Like I said before, things don’t always go to plan and even with the best intentions -some days just feel more difficult than others. I like to have a little back-up of activities or ideas to pull out when the children need distracting, or for those days when you just want to laze around the house. My favourite things at the moment are; threading cheerios onto strawberry laces, dipping pretzels into melted chocolate and decorating them with chopped nuts, building forts, hide & seek, an endless back up of good children’s films, making & icing mini muffins, building train tracks, painting, water play, play-doh, making towers, reading books, popping to pets at home to see the rabbits, feeding the fish at the garden centre, feeding the ducks at the canal a trip to the post office, and food shopping (enticed with treats along the way). It’s always handy to have a back up of ideas, as it’s not always easy to think up activities on the spot for restless children.
4 / BREAK THE RULES NOW & AGAIN
You are in charge after all! Schedules and plans are all great, and keep a sense of structure to a stay at home parent’s week – but you don’t always have to stick to them. Sometimes we just blow the routine; let the kids nap where they can, camp out at my Mum’s house for the day, stay in our pyjamas, eat cereal for lunch and shut the world out for a day. These are my sick days, my bank holidays, my time in lieu and my holidays! You don’t always have to be doing the perfect job looking after your children – and I find that the boys always appreciate these little rest days when we have them.
5 / SEE OTHER PARENTS
Being a stay at home parent can feel very lonely and isolating at times, especially if you are not getting out and about enough. My first stint of maternity leave was luckily in-sync with several friends also having babies at the same time, and we got to spend lots of time together mulling over the newness of parenthood and generally keeping ourselves company. Over the following year many of my friends returned to work and I found that I had began to really rely on time around other families to keep me feeling connected. It’s not always easy to meet other parents who you will instantly find a genuine connection with – although it’s definitely not worth ruling out. I always try to keep an open mind whenever we are. It’s always great to feel united with other parents; as long as they make you feel supported, understood and good about yourself.
6 / TREAT YOURSELF
There’s not often a lot of time for yourself when you are caring for children all day. It’s important for me to feel rewarded for all my hard work – and although time is most certainly of the essence, I choose little gifts to myself that are quick fixes to keep my spirits lifted. Things like new music, a new book or a new bit of make-up are just enough for me to feel treated and act as a form of self-appreciation for having so much of my time focussed around the children.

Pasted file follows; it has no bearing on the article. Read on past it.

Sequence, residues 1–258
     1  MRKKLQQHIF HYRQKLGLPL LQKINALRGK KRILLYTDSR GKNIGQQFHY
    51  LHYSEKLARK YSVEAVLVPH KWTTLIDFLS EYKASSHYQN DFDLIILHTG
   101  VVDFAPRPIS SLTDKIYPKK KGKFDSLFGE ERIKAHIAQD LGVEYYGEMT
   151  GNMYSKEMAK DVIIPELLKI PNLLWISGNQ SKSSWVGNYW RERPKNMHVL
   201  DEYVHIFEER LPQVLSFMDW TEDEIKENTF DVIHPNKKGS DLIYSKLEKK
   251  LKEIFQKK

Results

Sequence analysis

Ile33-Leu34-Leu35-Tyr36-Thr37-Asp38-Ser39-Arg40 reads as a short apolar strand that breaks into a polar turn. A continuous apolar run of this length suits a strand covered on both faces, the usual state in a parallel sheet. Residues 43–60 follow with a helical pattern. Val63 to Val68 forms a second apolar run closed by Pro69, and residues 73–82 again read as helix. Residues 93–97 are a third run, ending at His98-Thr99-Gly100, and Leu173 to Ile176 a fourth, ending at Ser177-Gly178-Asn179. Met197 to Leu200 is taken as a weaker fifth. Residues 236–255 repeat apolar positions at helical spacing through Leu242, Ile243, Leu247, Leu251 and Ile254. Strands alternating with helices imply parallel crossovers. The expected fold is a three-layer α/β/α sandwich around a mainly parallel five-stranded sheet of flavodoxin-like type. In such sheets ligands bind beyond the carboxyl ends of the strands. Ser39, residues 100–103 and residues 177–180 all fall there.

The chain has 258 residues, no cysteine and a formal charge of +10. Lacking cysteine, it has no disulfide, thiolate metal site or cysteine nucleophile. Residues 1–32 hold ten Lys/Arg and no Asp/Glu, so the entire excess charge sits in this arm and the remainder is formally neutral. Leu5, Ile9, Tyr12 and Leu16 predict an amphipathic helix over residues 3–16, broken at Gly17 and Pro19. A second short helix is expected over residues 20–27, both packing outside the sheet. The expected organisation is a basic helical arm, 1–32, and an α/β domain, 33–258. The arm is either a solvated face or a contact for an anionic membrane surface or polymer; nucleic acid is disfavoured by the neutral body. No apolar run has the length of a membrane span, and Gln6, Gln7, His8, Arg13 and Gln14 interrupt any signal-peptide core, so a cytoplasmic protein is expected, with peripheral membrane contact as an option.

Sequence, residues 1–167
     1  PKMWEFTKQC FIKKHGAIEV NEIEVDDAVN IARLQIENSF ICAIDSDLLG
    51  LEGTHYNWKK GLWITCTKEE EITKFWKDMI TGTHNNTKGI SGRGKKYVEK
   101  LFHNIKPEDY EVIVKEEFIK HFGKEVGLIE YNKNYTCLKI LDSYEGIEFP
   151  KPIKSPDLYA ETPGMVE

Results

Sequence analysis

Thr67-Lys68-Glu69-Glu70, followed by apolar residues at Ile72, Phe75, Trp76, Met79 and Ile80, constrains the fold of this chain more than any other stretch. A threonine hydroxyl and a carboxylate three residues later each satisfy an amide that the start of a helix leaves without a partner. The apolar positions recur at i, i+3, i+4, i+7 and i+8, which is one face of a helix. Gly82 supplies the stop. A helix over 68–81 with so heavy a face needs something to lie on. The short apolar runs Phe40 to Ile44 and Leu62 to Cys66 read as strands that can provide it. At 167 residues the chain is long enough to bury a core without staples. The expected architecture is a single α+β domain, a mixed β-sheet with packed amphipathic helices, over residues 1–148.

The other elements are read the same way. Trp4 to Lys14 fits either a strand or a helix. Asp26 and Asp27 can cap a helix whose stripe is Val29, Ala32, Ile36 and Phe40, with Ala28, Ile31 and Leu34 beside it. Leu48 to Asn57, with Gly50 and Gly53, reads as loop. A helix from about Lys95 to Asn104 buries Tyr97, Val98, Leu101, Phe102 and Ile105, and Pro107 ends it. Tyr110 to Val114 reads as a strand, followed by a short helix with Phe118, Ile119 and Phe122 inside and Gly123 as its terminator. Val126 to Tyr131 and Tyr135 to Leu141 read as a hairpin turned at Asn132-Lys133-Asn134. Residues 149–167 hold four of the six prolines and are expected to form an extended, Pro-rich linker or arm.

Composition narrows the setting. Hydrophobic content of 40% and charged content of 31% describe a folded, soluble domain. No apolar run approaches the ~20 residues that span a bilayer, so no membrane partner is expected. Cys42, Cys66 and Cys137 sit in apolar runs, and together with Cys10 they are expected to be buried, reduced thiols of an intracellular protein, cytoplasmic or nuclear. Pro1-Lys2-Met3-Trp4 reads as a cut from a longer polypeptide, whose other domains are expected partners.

7 / DON’T FEEL GUILTY
However you choose to parent your children at home, one day can feel like a lot of hours to fill – and it is! I try not to feel guilty about the days where we watch too much youtube or films, or for zoning out on my phone, or for wishing I was somewhere else. Some days I feel like super woman; dashing from place to place, getting loads done with happy children in tow…. and other days we seem to drag ourselves out of bed, nobody wants to do anything and everybody cries at least once over the course of the day! The experience of a stay at home parent can feel like a complete roller coaster – and that is no understatement. Try to be kind to yourself; you can’t be a super-parent every day.
8 / BE HONEST WITH YOUR CHILDREN
When times are difficult with children at home, it can be hard to take a step out of the situation to catch a breather and regroup your head. My children seem like little emotional sponges and I’m sure when I’m feeling most stressed, they become even more needy and demanding, as if to say “c’mon mummy keep it together! we need you!”. Unfortunately they’ve not yet developed an understanding that this can just make everything feel a whole lot worse! My way of dealing with difficult times now, is to be more honest with the children. After all, they are part of the team whilst we are at home – and although I will ultimately always be in charge – I’ve found it useful to be more upfront with the kids when it comes to explaining my feelings. Even something as simple as saying; “mummy’s really tired right now and I just need you to sit quietly for a minute whilst I figure out what we’re going to do next”, seems to really work. I want the children to understand that, although I will always hold responsibility for them, I am not always perfect and that adults do struggle sometimes too. Teaching the children to develop a sense of compassion for others is really important to me – and as a stay at home parent – it’s sometimes what we need the most.
9 / DANCE
We have a good boogie in the kitchen at least once a day. I often wonder if the neighbours have spotted us yet. I really miss the time to listen to my own music, so I put on something that I love, and encourage the children to dance along. It’s a chance to let our hair down, get our hearts pounding – and its always a great distraction from any tears and tantrums.
10 / ENJOY IT WHILE IT LASTS
And it won’t last forever, that’s for sure. It can be very tough, tiring and demanding – and you can feel stretched and strung out and selfless. But these early years certainly do fly by, and I remind myself of this every day.